The most important part of the FIA’s job is to make racing more attractive to the spectators, while at the same time making it safer for the drivers. This is why Group-5 racing went through various stages of evolution. From 7-litre monsters that were deemed too fast for the Le Mans Hunaudières straight, to cars with engines of up to five, then later three litres, which had to be manufactured in a minimum number of fifty, or twenty five units after 1968, to the “Special Production Cars”, the 4th generation Group-5 racers of 1976, out of which the Jägermeister BMW must surely be the most visually striking example.
Group 5 is also the category that birthed such legendary racing cars as Ferdinand Piech’s apple of the eye 917. The 917 gave Porsche its first overall Le Mans win, and was made famous not only by its drivers, but also by the “King of Cool”, Steve McQueen, and his film tribute to the great race.
The rules of this series were ever-evolving, but this tampering was understandable. Back then, the Manufacturers’ World Championship was the second most important racing series in Europe, right after Formula 1. The FIA needed technological excellence and cars that reflected those that people could actually buy to keep racing exciting.
Therefore, 1976 saw the birth of a new class: Group-5 special production cars, which would race in one of two categories: engines up to two litres, and engines above two litres. BMW had just the car for the former.
The FIA restricted the width of the car, so these racers were built with standard bodies, onto which extremely wide wheel arch extensions were added. The regulations required that only the bonnet, roof, doors and rail panel were left unmodified. In essence they had the same basic shape as touring or GT cars, but their striking stance revealed that the engineering under the bonnet was of the highest grade.
BMW’s choice to compete in the two-litre class meant that a car based on the new e21 320 had to be developed. These cars, driven by such names as Surer, Cheever, Winkelhock, and later Stuck, Peterson and Grohs, quickly became a regular fixture in the DRM (German Racing Championship) and, from 1977 onwards, in the Manufacturers’ World Championship.
Altogether, an estimated 36 factory-based 320’s in Group 5 specification were constructed. In 1978 alone, BMW supplied components (and complete kits) for more than 30 cars. All of them weighted about 730 kg and had the same two-litre engine that was used in Formula 2 racing cars. M12/7: a four-valve unit delivering about 330 hp and running up to a redline of 10,000 rpm.
When turbocharging was introduced, power went up even further to 500 hp. It has to be mentioned - as testament of the engine’s excellent capabilities - that essentially the same unit later powered BMW’s Formula 1 racing cars and delivered more than 1000 hp!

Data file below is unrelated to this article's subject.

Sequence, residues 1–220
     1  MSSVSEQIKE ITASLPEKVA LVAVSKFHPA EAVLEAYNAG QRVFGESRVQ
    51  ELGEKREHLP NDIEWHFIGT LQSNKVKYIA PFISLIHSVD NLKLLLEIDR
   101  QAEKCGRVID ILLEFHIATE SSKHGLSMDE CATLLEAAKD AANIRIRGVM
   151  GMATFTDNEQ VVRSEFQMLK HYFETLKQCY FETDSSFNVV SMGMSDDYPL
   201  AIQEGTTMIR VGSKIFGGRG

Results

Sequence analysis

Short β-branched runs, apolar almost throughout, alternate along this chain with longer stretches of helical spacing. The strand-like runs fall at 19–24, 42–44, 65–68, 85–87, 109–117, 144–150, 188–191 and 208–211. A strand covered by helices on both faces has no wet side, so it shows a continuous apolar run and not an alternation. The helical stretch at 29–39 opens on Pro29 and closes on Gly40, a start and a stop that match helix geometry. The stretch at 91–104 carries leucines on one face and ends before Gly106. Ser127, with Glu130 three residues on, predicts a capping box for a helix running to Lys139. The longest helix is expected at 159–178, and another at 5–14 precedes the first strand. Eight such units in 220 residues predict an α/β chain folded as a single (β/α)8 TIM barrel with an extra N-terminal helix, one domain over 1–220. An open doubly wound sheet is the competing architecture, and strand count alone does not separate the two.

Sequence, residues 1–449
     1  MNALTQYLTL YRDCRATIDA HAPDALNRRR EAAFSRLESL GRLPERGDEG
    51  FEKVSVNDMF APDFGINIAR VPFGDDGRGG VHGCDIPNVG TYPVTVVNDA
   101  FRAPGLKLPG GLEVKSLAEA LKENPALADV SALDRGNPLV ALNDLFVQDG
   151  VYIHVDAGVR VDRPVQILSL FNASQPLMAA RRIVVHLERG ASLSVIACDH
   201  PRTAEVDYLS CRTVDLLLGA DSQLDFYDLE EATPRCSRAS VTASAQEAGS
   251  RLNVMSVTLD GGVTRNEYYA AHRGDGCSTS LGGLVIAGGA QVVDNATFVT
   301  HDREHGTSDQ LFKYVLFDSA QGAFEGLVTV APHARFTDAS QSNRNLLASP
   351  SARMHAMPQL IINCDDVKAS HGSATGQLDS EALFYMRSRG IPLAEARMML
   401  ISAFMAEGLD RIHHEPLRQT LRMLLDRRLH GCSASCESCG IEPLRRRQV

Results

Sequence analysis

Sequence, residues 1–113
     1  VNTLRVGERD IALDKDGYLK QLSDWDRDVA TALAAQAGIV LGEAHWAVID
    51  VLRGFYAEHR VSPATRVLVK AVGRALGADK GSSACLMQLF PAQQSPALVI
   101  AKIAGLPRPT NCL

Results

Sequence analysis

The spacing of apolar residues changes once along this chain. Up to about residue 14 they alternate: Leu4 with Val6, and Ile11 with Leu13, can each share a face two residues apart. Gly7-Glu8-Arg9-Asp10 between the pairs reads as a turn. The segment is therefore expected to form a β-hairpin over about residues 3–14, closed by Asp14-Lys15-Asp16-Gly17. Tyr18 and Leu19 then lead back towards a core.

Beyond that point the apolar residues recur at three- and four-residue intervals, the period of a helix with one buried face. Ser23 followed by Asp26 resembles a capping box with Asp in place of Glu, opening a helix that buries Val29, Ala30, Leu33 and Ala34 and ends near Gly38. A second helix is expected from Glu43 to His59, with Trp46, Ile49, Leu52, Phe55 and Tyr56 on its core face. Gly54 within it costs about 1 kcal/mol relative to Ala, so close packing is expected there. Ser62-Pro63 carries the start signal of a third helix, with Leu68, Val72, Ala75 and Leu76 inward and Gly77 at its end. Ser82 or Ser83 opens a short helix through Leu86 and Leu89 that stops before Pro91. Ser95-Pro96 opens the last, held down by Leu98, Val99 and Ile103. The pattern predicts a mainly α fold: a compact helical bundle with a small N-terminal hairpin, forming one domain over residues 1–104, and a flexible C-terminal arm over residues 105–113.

The car in competition for this year’s Copa d’Oro, and Best of Show Trofeo BMW in Villa d’Este, is a 1978 car and the 29th example built overall, with chassis number E21 R1-29. It was completed for the 1978 season by The GS Freiburg Team - run by Gerhard Schneider - using BMW Works parts, and was driven by Markus Höttinger. Always in the iconic Jägermeister livery. In 1979, it was bought by the Mast-Jägermeister company, and it continued to be looked after by GS and later by Wolber Motorsport.
Driven by Eckhard Schimpf, who is bringing the car to this year’s Concorso, it competed in around 80 races in 1979, 1980, 1981, and 1982. With Schimpf and BMW’s works driver Hans-Georg Bürger at the wheel, it won the World Championship two-litre category in the 1000-km race on the Nürburgring and finished 6th overall. With the trio of Schimpf, Fischhaber, and Ketterer, it also finished the 1000-km race in 10th place in 1980, and an overall 4th in 1982 (2nd place in Group 5).
Its many wins can also be traced back to successful outings in the European hill-climb championship. A few examples include Trento Bondone in Italy (1980 and 1982), the Austrian Alps hill-climb prize (1980), Turkheim-Trois Epis in France (1980 and 1981), Ampus Draguignan, also France (1982), Freiburg-Schauinsland, Germany (1982), the Swiss Hill-climb prize in Les Rangiers (1981 and 1982), Bozen-Mendola in Italy (1981), and Copa Sila (1982). The last time it was raced in the DRM was in 1980, at the series finale in Hockenheim, where it finished 6th.
It’s also one of three Group-5 BMW 320’s that ever raced in the Jägermeister livery in the DRM and the Manufacturers’ World Championship. In the season of 1977 two other cars were ran by the Faltz team from Essen. The drivers were: Hans-Joachim Stuck, Harald Grohs, Helmut Kelleners and Ronnie Peterson.
Subsequently restored to concours condition, now it mostly resides in the company’s collection, dubbed “72 Stagpower”. Taken out from time to time for demonstration runs or as an avatar linking epic driving to to unforgettable nightlife for the @rennmeister72 instagram project, which introduces these iconic cars to a new generation of enthusiasts, the car instantly grabs the attention of anybody that comes into contact with it. We all know that orange cars drive faster. We're keeping our fingers crossed that this one can also win a concours class with its rough, brutalist shape.
Photos: Blazej Zulawski for Rennmeister
Photos: Blazej Zulawski for Rennmeister